Bitcoin Tries to Recover after Falling Below $6,000


Global payment system bitcoin seems to be trying to recover major losses on Tuesday, following a double-digit percentage lows early in the session, as a global regulatory crackdown weighs on the cryptocurrency market.

The world’s largest digital currency was trading 3.8 percent lower to $7,100, after briefly falling below the $6,000 level earlier. This was its lowest level since October.

Given its current standing, Bitcoin is representing a market cap of about $109 billion. This is nearly one-third of the overall market.   

More than $200 billion of its market value has already been taken away in nearly two months. Bitcoin has also lost as much as 70 percent since reaching a peak of almost $20,000 in December.

Its price has climbed 900 percent last year, making it the best performing asset of 2017.

Ethereum also declined by 2.2 percent to $719.80, while ripple went down by 5.7 percent to $0.7011.

Losses in cryptocurrencies have grown heavier in recent weeks, as concerns over a regulatory clampdown have pushed prices lower.

Hitting its highest of $830 billion at the start of January, the global cryptocurrency market has now shrunk to $285 billion. However, a wide a range of investors still believed that the value of cryptocurrencies will recover.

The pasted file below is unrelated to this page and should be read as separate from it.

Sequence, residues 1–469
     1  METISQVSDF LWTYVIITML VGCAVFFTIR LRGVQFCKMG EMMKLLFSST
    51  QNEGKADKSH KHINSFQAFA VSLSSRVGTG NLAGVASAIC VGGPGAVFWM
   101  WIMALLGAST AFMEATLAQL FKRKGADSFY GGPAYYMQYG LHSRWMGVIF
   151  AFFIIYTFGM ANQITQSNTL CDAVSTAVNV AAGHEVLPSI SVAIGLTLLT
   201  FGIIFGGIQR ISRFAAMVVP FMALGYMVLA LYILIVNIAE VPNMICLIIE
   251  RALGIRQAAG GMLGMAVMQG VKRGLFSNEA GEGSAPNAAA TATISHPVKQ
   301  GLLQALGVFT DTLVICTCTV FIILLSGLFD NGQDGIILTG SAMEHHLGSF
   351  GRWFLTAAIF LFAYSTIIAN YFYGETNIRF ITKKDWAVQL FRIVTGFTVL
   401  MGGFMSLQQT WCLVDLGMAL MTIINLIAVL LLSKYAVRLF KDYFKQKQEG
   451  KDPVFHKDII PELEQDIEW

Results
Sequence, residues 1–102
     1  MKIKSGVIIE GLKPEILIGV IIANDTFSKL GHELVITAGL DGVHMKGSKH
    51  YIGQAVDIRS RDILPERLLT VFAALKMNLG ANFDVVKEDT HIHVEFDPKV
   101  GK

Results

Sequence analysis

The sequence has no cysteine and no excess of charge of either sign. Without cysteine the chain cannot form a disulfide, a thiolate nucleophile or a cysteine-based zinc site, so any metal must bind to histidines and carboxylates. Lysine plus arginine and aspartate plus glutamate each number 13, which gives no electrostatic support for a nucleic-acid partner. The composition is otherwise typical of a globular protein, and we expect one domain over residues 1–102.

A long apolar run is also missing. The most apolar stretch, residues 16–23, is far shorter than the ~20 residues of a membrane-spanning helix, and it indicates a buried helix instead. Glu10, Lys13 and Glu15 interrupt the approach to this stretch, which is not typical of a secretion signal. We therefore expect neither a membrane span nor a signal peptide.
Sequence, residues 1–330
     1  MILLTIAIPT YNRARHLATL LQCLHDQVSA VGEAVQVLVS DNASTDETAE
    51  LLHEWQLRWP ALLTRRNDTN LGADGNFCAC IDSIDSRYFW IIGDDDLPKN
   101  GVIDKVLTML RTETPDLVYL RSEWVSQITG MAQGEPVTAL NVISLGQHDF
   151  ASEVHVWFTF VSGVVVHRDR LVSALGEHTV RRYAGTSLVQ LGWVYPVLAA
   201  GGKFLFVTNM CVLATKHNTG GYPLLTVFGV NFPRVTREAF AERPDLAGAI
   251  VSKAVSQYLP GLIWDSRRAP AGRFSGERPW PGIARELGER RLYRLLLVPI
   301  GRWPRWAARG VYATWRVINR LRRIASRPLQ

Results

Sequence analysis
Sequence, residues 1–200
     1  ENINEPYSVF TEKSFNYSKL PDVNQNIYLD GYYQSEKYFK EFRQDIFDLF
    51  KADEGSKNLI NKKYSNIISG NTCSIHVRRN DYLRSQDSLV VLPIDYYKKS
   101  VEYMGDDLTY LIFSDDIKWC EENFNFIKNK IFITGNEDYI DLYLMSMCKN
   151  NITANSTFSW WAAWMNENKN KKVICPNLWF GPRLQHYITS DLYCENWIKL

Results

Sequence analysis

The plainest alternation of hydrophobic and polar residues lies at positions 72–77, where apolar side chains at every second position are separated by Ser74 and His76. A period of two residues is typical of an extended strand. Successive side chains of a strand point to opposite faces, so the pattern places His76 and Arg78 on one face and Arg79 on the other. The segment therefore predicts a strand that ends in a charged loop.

Managing partner Thomas Lee said that they see positive developments approaching, despite the negativities.

Cryptocurrency Crackdown Intensifies


The Bank for International Settlements’ (BIS) new head Agustín Carstens stated that if authorities do not act preemptively, cryptocurrencies could become more interconnected with the main financial system, therefore threatening financial stability.

European Central Bank (ECB) chief Mario Draghi also believed bitcoin to be very risky and entirely speculative.  

Carstens has advised central banks to particularly focus on the ties connecting cryptocurrencies to real ones to confirm the relationship was not parasitic. Bitcoin at present is not being accepted by any central bank.    

Moreover, BIS new head’s comments might have suggested that regulators are planning for a crackdown on bitcoin.

Carsten’s statement came after a series of warnings on the digital currency from authorities and economists around the globe.

Online social media platform Facebook Inc. has banned bitcoin and other cryptocurrency advertisements on its site as well.     

Last week, a number of top financial firms decided to prohibit customers from using their credit cards to buy cryptocurrencies.

The People’s Bank of China (PBoC) is also planning to further strengthen its actions to take out any virtual currency trading platforms or initial coin offerings (ICOs) to prevent financial risks.

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